Many bank executives have questions about the April Interagency Statement on Model Risk Management for Bank Systems Supporting Bank Secrecy Act/Anti-Money Laundering Compliance. Here, we share some key takeaways and steps to take.
Prudent Risk Management
While the recent statement doesn’t change existing Bank Secrecy Act/anti-money laundering (BSA/AML) requirements, or establish new ones, financial institutions must still ensure “prudent risk management” for automated transaction monitoring systems. This includes periodic review and testing of filtering criteria and thresholds for effectiveness, and independent validation of the monitoring system methodology to ensure its effectiveness in detecting potentially suspicious activity. This applies even if the systems might not meet the definition of a model.
That said, it’s incumbent that banks understand whether or not their BSA/AML monitoring systems qualify as models and how that qualification opinion impacts platform governance.
Tailoring Risk Management Procedures
The supervisory guidance covering model risk management doesn’t have the force and effect of law, and it’s not a set of testing procedures. Rather, banks should view the guidance as a resource as they tailor the institution’s approach to risk management for the particular BSA/AML systems they use. The risk management procedures should:
Fit the chosen system.
Fit how the institution currently uses the system.
Fit how that use impacts the institution’s BSA/AML risk profile.
Keep in mind that practices might need to differ between internal and third-party models when tailoring your risk management procedures. Banks must employ sound vendor management practices, both when entering into a relationship with a third-party model provider, as well as periodically during the ongoing relationship.
Using a third-party model doesn’t absolve banks from the duty of knowing how the model works, and it doesn’t relieve them of needing to implement a plan to manage the model risk.
Inadequate Management, Wasted Resources
Often, we encounter institutions that believe their BSA/AML systems don’t meet the definition of a “model” and don’t subject the system to adequate risk management practices when, indeed, they do meet the definition. We recently worked with a client in this situation who was remediating a long-standing processing issue. We helped them strengthen their risk management processes to align with the uniqueness of the model, which enabled them to proactively address potential issues.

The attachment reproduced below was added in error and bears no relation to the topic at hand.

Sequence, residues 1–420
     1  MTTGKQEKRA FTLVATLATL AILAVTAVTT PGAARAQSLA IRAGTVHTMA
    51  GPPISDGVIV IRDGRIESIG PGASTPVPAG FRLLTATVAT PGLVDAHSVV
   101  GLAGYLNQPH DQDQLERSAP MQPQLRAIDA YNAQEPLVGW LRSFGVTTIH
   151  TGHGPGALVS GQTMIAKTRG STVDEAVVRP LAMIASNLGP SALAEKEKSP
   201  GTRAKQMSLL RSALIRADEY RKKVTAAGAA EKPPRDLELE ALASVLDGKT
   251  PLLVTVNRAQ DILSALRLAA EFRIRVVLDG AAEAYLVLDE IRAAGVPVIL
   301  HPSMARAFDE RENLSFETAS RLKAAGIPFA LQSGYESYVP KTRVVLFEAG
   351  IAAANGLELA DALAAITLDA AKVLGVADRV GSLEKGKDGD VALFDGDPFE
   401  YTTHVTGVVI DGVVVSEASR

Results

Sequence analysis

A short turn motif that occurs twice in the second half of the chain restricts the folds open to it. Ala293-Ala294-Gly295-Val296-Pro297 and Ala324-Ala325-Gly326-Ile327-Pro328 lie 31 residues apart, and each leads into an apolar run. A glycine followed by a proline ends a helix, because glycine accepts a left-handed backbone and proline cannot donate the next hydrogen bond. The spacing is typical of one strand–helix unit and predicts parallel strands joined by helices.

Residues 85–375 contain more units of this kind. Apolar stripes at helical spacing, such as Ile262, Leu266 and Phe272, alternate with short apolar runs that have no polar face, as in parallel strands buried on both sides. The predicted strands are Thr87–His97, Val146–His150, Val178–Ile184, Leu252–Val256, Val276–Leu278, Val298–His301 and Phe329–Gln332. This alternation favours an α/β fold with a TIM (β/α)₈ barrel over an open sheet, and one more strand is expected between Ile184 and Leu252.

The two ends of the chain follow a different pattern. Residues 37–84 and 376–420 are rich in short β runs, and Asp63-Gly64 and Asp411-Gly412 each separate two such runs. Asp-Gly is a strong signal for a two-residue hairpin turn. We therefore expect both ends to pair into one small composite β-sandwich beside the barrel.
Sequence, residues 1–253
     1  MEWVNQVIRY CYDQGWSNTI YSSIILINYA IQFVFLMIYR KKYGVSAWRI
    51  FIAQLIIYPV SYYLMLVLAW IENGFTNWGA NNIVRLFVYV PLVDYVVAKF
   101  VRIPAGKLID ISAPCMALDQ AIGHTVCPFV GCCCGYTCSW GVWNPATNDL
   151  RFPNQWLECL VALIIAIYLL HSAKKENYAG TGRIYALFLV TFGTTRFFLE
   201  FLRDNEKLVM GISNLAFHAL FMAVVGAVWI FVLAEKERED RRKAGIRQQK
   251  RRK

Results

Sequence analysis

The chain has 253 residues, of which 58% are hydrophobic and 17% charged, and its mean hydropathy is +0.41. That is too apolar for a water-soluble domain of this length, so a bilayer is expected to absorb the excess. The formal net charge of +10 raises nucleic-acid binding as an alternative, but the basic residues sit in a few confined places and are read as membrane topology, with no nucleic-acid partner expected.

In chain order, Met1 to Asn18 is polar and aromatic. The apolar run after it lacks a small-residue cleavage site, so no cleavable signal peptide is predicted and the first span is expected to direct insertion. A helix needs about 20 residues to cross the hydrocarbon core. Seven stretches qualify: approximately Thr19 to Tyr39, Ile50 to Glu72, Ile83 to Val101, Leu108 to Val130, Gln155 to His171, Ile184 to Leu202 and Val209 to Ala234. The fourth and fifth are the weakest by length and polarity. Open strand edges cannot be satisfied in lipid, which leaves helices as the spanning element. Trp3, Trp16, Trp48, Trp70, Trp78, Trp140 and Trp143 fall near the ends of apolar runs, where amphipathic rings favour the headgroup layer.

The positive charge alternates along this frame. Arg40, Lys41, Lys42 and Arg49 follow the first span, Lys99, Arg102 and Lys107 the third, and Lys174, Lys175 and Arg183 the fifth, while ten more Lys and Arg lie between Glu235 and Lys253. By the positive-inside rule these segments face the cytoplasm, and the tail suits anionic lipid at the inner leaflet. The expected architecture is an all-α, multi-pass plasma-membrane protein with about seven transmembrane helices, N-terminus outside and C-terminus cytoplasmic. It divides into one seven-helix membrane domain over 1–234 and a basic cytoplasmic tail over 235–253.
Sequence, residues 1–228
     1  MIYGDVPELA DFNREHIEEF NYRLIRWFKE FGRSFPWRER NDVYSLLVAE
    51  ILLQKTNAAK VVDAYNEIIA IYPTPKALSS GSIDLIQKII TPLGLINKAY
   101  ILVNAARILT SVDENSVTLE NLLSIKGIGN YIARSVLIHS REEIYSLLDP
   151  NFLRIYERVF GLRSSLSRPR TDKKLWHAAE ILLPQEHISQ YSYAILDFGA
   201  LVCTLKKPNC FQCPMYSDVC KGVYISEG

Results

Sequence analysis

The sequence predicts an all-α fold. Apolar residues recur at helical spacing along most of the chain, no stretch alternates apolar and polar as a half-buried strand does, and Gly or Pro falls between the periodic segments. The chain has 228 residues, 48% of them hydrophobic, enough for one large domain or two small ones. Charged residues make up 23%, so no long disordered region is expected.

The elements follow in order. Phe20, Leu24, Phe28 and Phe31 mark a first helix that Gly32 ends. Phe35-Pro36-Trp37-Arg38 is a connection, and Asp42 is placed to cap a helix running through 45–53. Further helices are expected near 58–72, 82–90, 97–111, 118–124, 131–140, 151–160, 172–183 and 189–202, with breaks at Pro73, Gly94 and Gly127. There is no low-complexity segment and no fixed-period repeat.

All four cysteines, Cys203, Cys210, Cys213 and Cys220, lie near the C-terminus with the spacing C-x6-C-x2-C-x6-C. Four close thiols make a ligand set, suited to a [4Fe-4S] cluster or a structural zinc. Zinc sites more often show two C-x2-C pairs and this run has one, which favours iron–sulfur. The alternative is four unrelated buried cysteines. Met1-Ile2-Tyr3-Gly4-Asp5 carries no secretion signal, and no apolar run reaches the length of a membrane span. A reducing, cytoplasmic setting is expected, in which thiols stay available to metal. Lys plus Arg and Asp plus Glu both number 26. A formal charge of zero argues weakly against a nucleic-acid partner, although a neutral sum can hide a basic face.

We also see institutions allocating too many resources to validate systems that don’t meet the definition of a model. For these institutions, it’s important to adjust expectations and system management, which allows BSA/AML and other personnel to reallocate time and energy.
Steps to Take Now
First, determine if your financial institution is satisfied with how it classifies its BSA/AML system in light of the new statement.
Next, review your risk management practices. They shouldn’t be a carbon copy of practices used to manage other systems, since some risks are unique to BSA/AML systems. Are your risk management practices commensurate with your bank’s use of the system and your BSA/AML risk profile? Even if two financial institutions are the same size and use the same BSA/AML system, the way they use their individual systems and their different BSA/AML risk profiles should influence their respective risk management practices.
Finally, if your institution has employed a third-party model, you should have a sufficient understanding of how the system works and be able to articulate this to regulators. You also need to ensure your vendor management program is tailored to address vendor risks specific to your BSA/AML system. Create a process to monitor your BSA/AML system vendor on a “go-forward” basis, not only at implementation.
Banks that don’t implement risk management frameworks with clear model definitions and their associated review, testing, and validation, are opening the door for examiner scrutiny.
Protect your institution. Gaining greater clarity around risk management frameworks and taking these steps can help ensure that your bank gains as much benefit as possible from the software platform you’ve selected.